It’s the top of round three in a four round fight. You’ve never been knocked out before, but when a vicious uppercut connects with your chin, you wonder if you’re about to find out how it feels. Your mind fights for control of your body. Your knees wobble.
Ten minutes ago, you saw Olympic gold. You saw yourself standing triumphant over the broken body of Vicki McCauley. Now the fight isn’t even halfway to the finish and you’re seeing stars. How could you gas so early? Your cardio routine is insane. How can you get hit like this? You’ve fought Vicki before. You know firsthand she only has one deadly punch. How can you fail to hit her? You’ve studied her fights so much in recent weeks, her body is practically a celluloid extension of your own. Physically, you’re the superior. You’re faster, stronger, and pack more muscle. Mentally, though, Vicki is a beast. You realize your strength means shit against a cerebral fighter like Vicki, one so remarkable in her plan of attack. Every punch feels scripted, like she’s a goddamn playwright. Or a ventriloquist. She moves, you move, and she puts you right where she wants you. That’s how good she is. At the end of round two, you’re positive you can’t lose another round or the fight’s hers. Houston tells you to get inside and keep your jab in her face. It won’t earn you many points on the score card, but it’ll teach her to respect your space. Then you can set to work chiseling away at her. You nod, gasping for water. The bell to begin round three dings and suddenly you have a taste for blood. You feel stronger now than you did before the fight. You do what you always do when the cards are down. You let your pain be a fortress.
You chose this for survival. You never did this for the glory or the status or the money. No, you chose this so that the next time someone tried to mug your ass or hurt your baby sister, you could fight back. Survival. But something happened between then and now. You find yourself floating amidst bright lights and screaming blurs that are probably human faces but might be indications that one of your retinas has detached. You’re gassed. It’ll require all your strength and more just to stay standing for the remainder of the fight. Besides, your opponent has never been knocked down in her career. You’ve faced her once before. She beat you then. She’ll beat you now. The difference? If you lose here, your shot at the Olympics ends now and forever. You’re eighteen and will likely never get another chance. Those dreams of a gold medal, they’ll be gone. But is that really what you did this for? No, you think, as you keep swinging, dodging, bobbing and weaving. You’re dog tired, know she’s almost broken you, but you’re not sloppy. Your mechanics have never failed. Your heart, that’s another story.
A year ago, you ran away from the foster home in Riverside, only to be returned when a knife wound landed you in the hospital. Some wannabe gangsters had tried to rob you, and you lashed out. That was your first realization that your skills inside the ring would not always protect you outside of it.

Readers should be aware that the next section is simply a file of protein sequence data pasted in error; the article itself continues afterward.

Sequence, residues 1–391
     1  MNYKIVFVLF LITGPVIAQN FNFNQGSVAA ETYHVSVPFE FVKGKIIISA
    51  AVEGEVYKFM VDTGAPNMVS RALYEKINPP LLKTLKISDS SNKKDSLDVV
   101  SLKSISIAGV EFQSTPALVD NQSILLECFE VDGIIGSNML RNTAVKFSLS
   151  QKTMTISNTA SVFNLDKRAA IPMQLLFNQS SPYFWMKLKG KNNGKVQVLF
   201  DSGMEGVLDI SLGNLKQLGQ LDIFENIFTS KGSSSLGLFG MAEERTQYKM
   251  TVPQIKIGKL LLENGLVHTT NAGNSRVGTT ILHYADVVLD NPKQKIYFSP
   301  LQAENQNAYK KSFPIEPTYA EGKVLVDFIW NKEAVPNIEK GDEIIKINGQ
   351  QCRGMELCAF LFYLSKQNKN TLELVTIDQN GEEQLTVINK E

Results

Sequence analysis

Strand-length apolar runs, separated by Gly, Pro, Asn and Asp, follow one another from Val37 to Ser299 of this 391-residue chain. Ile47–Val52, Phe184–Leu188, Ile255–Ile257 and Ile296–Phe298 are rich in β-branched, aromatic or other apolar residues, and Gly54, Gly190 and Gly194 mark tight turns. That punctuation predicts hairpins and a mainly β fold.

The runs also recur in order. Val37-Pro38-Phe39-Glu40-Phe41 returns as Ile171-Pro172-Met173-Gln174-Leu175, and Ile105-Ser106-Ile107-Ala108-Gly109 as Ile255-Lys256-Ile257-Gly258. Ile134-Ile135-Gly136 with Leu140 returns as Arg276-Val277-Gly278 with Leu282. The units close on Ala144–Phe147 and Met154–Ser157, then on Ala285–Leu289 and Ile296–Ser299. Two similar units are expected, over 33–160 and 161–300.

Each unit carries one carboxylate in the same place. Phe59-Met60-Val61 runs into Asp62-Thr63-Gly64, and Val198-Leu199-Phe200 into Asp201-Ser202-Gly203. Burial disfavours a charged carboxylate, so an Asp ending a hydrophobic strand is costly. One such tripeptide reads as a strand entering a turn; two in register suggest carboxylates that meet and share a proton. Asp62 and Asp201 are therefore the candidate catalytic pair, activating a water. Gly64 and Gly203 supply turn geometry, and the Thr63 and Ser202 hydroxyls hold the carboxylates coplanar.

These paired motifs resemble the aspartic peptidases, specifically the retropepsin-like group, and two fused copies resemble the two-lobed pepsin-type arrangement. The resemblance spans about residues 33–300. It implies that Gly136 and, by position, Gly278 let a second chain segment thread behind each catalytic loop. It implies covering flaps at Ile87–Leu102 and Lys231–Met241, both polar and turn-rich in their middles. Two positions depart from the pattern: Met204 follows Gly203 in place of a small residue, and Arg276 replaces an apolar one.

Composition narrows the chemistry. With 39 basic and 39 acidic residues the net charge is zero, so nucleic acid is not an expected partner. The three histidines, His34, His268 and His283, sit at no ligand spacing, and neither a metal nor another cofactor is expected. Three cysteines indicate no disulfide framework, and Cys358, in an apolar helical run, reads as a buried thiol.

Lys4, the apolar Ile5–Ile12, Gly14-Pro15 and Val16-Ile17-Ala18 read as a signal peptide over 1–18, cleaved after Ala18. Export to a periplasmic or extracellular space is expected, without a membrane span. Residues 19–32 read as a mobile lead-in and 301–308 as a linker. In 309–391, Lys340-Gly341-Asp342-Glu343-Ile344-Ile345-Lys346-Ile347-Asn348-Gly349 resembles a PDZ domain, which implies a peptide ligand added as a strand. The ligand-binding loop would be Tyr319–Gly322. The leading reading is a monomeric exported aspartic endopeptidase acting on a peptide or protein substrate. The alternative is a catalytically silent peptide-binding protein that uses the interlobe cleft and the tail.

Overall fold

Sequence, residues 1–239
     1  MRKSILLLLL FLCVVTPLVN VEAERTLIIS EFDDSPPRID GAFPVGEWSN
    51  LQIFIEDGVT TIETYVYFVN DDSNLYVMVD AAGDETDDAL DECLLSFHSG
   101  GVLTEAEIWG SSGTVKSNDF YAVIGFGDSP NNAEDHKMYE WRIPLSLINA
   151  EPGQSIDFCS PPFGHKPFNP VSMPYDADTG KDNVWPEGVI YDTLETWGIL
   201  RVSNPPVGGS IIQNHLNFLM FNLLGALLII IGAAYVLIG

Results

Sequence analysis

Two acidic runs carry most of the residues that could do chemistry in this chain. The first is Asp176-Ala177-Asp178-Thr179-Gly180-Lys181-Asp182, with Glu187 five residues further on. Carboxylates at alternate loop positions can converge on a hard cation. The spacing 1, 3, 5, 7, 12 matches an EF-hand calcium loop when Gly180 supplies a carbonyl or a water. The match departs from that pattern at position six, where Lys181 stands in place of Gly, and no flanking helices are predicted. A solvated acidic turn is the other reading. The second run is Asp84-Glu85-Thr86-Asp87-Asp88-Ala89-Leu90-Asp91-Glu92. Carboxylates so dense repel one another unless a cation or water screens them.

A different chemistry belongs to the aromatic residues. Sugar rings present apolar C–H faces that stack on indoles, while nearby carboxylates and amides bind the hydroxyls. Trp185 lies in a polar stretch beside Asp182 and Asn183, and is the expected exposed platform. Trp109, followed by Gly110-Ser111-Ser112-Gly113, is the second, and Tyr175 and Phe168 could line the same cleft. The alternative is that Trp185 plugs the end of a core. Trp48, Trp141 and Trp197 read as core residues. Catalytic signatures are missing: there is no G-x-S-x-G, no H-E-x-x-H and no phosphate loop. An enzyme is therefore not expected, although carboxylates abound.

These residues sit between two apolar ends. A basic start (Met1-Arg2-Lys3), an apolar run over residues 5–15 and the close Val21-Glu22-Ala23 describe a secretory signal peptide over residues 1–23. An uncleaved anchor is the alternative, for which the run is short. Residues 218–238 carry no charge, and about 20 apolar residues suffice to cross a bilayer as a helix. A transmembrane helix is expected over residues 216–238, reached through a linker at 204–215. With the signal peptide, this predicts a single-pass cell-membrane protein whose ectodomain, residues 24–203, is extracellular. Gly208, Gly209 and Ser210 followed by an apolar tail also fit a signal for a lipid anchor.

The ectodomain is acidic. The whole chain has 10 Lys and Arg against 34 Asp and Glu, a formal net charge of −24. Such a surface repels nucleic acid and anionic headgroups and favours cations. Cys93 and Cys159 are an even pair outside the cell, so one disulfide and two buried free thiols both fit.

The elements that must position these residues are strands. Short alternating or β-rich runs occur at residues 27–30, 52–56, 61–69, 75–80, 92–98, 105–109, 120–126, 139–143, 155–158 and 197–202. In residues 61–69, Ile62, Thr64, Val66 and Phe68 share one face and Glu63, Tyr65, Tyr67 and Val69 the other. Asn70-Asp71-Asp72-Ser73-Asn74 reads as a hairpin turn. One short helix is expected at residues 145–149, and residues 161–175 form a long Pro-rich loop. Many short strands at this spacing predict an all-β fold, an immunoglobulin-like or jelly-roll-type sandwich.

You were raw talent, fury, survival. Shit for brains and lazy, but that didn’t matter yet. You’d destroyed the competition in regional tournaments, placing no worse than third in your weight class since strapping on a pair of gloves at the age of thirteen, when you first walked into PAL and asked to fight, when you still lived in Bakersfield. You, a shy little girl living in a world of hurt. With the proper training regimen, you’d be unstoppable, a beast.
It was in the foster home that you first began thinking seriously about the Olympics. If you qualified and went on to take the gold at eighteen, not only could you claim Shelly as her legal guardian—which you’d be doing either way, regardless of results—you could give her a life outside Cottonwood and foster homes. Show her the good life. Buy a car, a home. Send her off to college. Be a real loving family together. You saw it crisp as a movie in your mind, you returning home every night, still sweaty from the gym, Shelly studying at the kitchen table. Maybe you’d order pizza and watch a movie together, or maybe you’d just chill.
This fight, it’s in Denver. Maybe that’s why it feels like you fall a mile when you drop. All you know is, one moment you’re in the fight, gassed and still down on the cards but confident, keeping that jab in her face. Then the next thing you know you’re scraping your screaming bones off the canvas. You’re crying because you’re through with acting tough, with putting on a mean face. There will be no Olympics, and that means your dreams are finished.
Yeah, she broke you.
Houston ushers you into the locker room, where he makes you look him in the eye. “You fought like a warrior,” he says, “but sometimes warriors have to lose. Listen, you fought hard. There’s nothing more you can ask for.”
“But what am I gonna do?” You’re sobbing, uncertain whether your words are comprehensible or buried in the briny mush of tears and snot, the bruises swelling your face.
Houston hears you. He always does. “You’re gonna fight. You’re gonna find a job, enroll in community college, and continue to fight.”
“I’m done fighting.”
“You can do that too.”
The next day, you fly back to Bakersfield with Houston.
You stand with Houston in silence by the conveyor belt in baggage claim. This is when the idea comes.
“I want to visit Shelly tomorrow,” you say. Houston had arranged for you to stay in his home—a two bedroom bungalow where he lived with his wife and three kids—for two nights, a Friday and Saturday, following the fight. Everything will work out, if only he says yes.